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This is a hands-on course with an emphasis on experiential learning. A recurring theme will be linking the tax strategies that we learn with concepts from corporate finance, financial accounting, business law, and economics. Students will work in groups to develop a recommendation for an event-driven investment strategy. The course seeks to provide an introduction to the role of accounting information in (i) measuring firm performance, (ii) projecting profitability and firm value for external constituents, (iii) and motivating and controlling the firm's management. At the same time, increasing attention is being paid to regulatory and market design issues that either impede or enhance market pricing efficiency.n In this course, we will cover recent research on the role of informational arbitrage in asset pricing. A Joint Degree Program allows Stanford students to combine the M. nnn The overall goal of this course is to improve student skills in assessing the relative attractiveness of individual companies, as well as in managing portfolio risk according to pre-specified targets. As part of this course, students will be required to design stock screens, conduct back-tests, do detailed company analyses, execute (virtual) trades, and manage portfolio risk. We will use cases to gain hands' on experience analyzing business tax strategies and refer to financial statement disclosures as appropriate so that you can learn how taxes affect the financial reporting for transactions. The course will focus on valuing the securities of companies undergoing significant changes as a result of litigation, restructuring, regulatory changes, mergers, spin-offs or significant industry shifts. This course is aimed at doctoral students in accounting and neighboring fields including economics, finance, political economics and operations management. The range of applications includes: the structure of managerial performance measures, capital budgeting, intra-company pricing, discretionary bonus pools, the role of non-financial performance indicators and earnings management. While earlier studies tend to view the matter as a yes/no debate, most recent studies acknowledge the impossibility of fully efficient markets, and focus instead on analyses of factors that materially affect the timely incorporation of information into prices.The focused and intimate setting help people feel comfortable asking questions and working collaboratively to learn together, further helping a team become more tight-knit and productive back in the office.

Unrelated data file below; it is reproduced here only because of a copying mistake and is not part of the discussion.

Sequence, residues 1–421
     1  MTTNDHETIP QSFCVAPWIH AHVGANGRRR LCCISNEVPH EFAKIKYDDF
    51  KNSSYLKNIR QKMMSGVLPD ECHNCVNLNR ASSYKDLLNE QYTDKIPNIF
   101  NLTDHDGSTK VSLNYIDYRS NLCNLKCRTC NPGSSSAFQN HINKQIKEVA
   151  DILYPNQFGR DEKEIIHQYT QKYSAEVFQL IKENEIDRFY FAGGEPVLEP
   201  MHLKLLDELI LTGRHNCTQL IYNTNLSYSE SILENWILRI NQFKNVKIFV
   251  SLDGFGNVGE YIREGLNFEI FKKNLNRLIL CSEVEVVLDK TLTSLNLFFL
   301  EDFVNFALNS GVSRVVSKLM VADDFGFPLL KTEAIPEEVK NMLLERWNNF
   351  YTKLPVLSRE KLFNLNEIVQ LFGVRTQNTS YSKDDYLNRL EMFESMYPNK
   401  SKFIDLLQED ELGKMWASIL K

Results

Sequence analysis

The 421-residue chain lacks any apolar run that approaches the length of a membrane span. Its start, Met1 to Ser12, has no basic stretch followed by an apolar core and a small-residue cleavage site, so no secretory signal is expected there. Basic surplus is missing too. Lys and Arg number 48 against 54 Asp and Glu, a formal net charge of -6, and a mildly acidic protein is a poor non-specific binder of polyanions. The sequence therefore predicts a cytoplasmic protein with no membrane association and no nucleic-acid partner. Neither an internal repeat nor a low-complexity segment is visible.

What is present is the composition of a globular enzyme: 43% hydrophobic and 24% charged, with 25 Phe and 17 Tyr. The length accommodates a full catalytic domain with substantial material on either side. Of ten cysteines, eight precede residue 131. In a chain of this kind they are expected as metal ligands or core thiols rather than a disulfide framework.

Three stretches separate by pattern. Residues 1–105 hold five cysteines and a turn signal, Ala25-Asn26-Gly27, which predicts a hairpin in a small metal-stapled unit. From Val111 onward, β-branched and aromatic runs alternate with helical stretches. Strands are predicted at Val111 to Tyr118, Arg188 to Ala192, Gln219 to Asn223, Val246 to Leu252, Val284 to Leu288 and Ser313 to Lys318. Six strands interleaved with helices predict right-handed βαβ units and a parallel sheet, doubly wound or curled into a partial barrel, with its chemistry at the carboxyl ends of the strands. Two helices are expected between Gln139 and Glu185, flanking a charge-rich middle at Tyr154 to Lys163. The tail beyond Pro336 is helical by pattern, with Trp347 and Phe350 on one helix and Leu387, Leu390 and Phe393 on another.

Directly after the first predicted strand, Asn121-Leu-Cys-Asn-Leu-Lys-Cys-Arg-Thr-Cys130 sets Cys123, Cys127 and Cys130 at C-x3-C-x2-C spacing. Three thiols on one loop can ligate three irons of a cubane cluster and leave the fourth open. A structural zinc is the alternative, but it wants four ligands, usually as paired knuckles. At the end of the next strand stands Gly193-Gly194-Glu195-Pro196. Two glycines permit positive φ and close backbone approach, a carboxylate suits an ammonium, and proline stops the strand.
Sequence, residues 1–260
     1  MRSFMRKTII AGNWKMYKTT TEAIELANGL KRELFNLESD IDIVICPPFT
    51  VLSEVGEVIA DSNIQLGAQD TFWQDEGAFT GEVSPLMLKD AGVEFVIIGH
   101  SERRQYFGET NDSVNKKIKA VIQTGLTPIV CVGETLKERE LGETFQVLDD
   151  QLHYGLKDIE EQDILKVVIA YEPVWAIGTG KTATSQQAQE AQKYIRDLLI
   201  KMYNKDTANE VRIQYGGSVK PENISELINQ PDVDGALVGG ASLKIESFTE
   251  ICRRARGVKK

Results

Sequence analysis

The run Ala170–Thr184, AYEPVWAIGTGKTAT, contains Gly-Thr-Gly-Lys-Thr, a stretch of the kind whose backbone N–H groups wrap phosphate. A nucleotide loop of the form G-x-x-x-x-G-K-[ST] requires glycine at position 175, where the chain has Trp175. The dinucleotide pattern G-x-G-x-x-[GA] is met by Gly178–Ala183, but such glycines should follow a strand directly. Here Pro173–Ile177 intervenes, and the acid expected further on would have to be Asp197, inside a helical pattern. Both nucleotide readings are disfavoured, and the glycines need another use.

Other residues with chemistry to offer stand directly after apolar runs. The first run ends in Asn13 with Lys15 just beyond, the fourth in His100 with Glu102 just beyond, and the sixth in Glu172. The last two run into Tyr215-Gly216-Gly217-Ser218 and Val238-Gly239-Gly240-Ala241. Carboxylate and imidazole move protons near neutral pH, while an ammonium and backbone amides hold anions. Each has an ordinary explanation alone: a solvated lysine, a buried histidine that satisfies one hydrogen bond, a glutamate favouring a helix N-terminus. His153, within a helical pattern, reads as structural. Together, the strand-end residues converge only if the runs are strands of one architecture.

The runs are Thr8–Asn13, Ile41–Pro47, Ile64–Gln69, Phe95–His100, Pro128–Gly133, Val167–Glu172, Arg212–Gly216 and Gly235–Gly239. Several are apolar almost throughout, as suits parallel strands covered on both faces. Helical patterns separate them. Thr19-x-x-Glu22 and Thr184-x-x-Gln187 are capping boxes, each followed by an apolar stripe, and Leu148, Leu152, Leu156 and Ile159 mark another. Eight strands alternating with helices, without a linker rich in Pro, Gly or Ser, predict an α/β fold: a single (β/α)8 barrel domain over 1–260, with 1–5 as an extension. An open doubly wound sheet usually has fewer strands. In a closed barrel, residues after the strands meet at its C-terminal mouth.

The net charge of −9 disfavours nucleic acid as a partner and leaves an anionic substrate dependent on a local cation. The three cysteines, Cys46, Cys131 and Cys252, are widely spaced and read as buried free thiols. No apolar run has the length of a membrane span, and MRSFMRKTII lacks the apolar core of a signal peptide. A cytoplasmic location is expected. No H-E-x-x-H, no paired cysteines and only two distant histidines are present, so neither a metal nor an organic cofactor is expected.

Interdisciplinary themes of critical analytical thinking, creativity and innovation, and personal leadership development differentiate the Stanford M. We review recent academic evidence on this process, and reflect on its implications for future market-related research.When, in November 2013, Stanford University held one of its seminars on sexual harassment, Professor James A.Phills, of the Graduate School of Business, heard a lawyer from the general counsel’s office describe a romance gone sour at a primate-research center.Having the opportunity to be in a new environment and out of one’s comfort zone with fellow employees creates an immediate bond.Having retreat time free to spend with each other at meals, socializing, and engaging in outdoor recreation allows employees the opportunity to connect over hobbies and interests they might share outside of work.